1911 Census now linked with Historic Maps

1911 census MapsAncestry have announced that the 1911 images that they have offered online for some time now have been replaced with images that have the previously hidden ‘Infirmity’ column disclosed. Good to have full access to all the 1911 census details.

The really exciting news is that they have linked the census forms to their UK Maps Collection dating from 1896 – 1904 that they have online. I tested this out using my grandparents Alfred & Ada Hawkins who lived in Farnborough, Hampshire. I’m pleased to report that none of family suffered from an infirmity, however the map attached to the census was for Farnborough in Warwickshire not Hampshire. I then tried a search for my other grandparents William & Eliza Elliott and found them on the census correctly with the right map attached.

It would have been helpful to be able to attached the map to the individuals on my Ancestry Tree, but perhaps this is a facility that Ancestry will introduce later. Overall a good addition to Ancestry.co.uk

Links

Ancestry.co.uk

England & Wales Maps 1896–1904 now on Ancestry

Ancestry MapsI thought Ancestry might give their subscribers a Christmas gift or two and this release is a useful addition to their genealogy offerings. Maps are essential to family historians, if you don’t know where your ancestors lived, was it a rural or an industrial location,which towns and villages were within walking distance, was there a railway or canal nearby? All this information can give important clues to the lives of your family.

This dataset comprises 122 Victorian maps dating from 1896. The maps show railways lines & stations, schools, roads, canals, public houses, farms and rivers & streams. The originals are the Ordnance Survey Revised New Series.

Unfortunately the individual maps aren’t dated on the database,but as the time period only spans six year I don’t suppose it matters greatly. Lastly there is also a facility to purchase a paper copy of the maps via a link to Cassini Maps.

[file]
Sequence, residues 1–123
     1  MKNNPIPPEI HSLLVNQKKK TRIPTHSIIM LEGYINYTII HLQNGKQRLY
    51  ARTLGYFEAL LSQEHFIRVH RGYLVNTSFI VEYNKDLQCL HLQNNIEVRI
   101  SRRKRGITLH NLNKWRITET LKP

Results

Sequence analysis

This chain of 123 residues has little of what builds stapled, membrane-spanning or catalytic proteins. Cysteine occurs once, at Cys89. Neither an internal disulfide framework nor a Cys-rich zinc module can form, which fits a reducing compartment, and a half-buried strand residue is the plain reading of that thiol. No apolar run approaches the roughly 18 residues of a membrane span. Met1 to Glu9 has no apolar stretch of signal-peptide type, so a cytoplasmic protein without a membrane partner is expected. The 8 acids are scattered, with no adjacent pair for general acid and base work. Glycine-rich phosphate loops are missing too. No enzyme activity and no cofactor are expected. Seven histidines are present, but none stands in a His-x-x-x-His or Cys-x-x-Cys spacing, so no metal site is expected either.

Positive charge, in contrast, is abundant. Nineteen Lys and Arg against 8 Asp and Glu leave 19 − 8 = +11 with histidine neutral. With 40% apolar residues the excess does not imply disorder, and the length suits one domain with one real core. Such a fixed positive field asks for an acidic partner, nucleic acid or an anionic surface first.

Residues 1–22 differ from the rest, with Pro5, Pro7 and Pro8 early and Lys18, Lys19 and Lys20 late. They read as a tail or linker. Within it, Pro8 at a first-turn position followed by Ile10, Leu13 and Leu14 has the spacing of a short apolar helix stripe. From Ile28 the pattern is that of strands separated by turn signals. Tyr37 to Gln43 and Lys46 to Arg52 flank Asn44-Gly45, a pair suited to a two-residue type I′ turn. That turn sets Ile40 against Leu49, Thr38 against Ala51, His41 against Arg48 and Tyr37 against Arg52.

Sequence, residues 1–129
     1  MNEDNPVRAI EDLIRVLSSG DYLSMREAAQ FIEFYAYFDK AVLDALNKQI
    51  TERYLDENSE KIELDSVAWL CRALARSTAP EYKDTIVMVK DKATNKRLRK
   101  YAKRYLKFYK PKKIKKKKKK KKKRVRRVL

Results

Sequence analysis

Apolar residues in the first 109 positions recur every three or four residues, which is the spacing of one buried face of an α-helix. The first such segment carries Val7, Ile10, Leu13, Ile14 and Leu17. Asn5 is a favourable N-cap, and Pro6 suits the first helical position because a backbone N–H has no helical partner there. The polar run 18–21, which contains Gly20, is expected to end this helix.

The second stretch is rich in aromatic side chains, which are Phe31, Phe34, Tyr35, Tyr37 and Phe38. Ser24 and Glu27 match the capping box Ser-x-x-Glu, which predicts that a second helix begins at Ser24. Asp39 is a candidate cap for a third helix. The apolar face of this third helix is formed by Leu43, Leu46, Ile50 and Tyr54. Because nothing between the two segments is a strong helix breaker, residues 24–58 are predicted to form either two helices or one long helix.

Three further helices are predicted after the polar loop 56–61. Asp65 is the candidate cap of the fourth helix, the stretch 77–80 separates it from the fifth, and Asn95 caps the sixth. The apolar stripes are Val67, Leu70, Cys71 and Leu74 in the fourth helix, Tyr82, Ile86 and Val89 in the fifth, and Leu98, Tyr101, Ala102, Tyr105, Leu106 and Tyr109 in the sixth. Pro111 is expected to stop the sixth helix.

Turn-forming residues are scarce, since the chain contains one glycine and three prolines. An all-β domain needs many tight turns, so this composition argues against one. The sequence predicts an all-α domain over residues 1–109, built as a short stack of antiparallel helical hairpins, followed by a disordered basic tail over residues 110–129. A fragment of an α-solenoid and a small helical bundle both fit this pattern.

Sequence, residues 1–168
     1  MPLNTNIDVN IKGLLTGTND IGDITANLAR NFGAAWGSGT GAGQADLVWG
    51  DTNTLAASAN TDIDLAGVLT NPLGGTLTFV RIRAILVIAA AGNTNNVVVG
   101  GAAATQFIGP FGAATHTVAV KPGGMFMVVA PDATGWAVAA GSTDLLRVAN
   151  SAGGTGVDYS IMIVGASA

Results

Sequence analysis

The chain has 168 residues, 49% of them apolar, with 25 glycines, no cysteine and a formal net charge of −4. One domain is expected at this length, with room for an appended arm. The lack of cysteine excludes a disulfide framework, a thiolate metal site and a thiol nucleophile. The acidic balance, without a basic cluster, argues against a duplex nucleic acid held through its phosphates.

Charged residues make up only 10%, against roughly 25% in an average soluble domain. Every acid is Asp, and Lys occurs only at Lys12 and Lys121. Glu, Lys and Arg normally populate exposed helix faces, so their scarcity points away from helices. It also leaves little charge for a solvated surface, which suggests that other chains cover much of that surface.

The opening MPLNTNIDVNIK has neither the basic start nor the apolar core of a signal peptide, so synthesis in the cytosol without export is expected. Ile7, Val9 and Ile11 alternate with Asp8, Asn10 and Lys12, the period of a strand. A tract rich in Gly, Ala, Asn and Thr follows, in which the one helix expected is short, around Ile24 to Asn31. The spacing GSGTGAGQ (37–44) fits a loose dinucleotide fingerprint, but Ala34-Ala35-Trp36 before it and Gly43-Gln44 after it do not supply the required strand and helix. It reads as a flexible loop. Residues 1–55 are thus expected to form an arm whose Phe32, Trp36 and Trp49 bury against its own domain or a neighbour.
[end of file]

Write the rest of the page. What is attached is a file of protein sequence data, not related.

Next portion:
A good addition to the Ancestry stable of genealogy resources.

www.ancestry.co.uk

Free Cassini Maps

http://www.cassinimaps.co.uk/shop/freemap.asp

Cassini Maps are offering a free map to those who live in the UK and who are happy to pay the post & packing charge of £3.49. You can choose which maps you would like and it will be either the Old Series, Revised New Series or the Popular Series. The offer depends on stock availability and is on a first come first served basis, so don’t delay!

To get your free map, simply visit their website.

http://www.cassinimaps.co.uk/shop/freemap.asp

Tithe & Enclosure Maps Online

Tithe MapThe British Library has a good web page listing the Tithe Maps that can be viewed online for various counties. These maps aren’t part of the British Library website, but are hosted by the local archives themselves.

Coverage of online maps is patchy at the moment, but it does seem as if they are becoming more popular as a project for county record offices and archives. I note that the wonderful Berkshire Record Office Enclosure Maps website isn’t included. I’m surprised at the omission as this is a site that has set the standard for others to follow, I’ve put a link below as I can recommend you take a look at the site even if you don’t have any Berkshire Ancestors.Genealogy Family History Ancestry.co.uk

Ancestry.co.uk of course have recently placed online the Tithe Maps & Documents for Dorset, perhaps more counties will follow, fingers crossed. Remember you can enjoy 14 days free access to the Ancestry website if you haven’t subscribed in the past. There is a link below.

Back on the British Library website there is a helpful Guide to Tithe Maps which is worth reading before you dive into these records. National Archives also have a great guide to Tithe Maps and also one on Enclosure Awards

Tithe Maps, Apportionment Papers, Enclosure Maps & Papers are an underused genealogy resource and are a joy to use. Go on – break your reliance on parish registers and census and see what Tithe & Enclosure maps & accompanying documents can tell you about your ancestors!!

http://www.bl.uk/reshelp/findhelprestype/maps/tithemaps/tithemaps.html

http://www.berkshireenclosure.org.uk/

http://www.ancestry.co.uk

East London Maps Online

clip_image002[5]I was working on my London genealogy at the weekend and needed a large scale street map of Bethnal Green and a Google search brought up this website which offers some great maps online. The maps are part of the East London Family History Society’s website and many thanks to them for putting these maps online.

The areas covered are Bethnal Green, Stepney, Bow, Bromley and Poplar, the maps range from the 1769 Rocque maps to a modern 2008 map and a lot in between. It was very easy to located the little alley that some of my ancestors were lurking down when the census enumerator came to call and I can now pinpoint where all the family were living during the 19th century.

I was intrigued by Thomas Milne’s 1800, “Land Use Map of London & Environs” as

http://www.mernick.org.uk/elhs/ELHS.htm

I hadn’t come across it before (always something new to learn in genealogy!) There is a key showing what use the land was being put to so if your ancestors were living in this rural area around 1800 you can get a good idea of what sort of farming/market gardening they were employed in.

The East London Family History Society website has much to offer those with ancestors from this area so well worth a look.

http://www.mernick.org.uk/elhs/ELHS.htm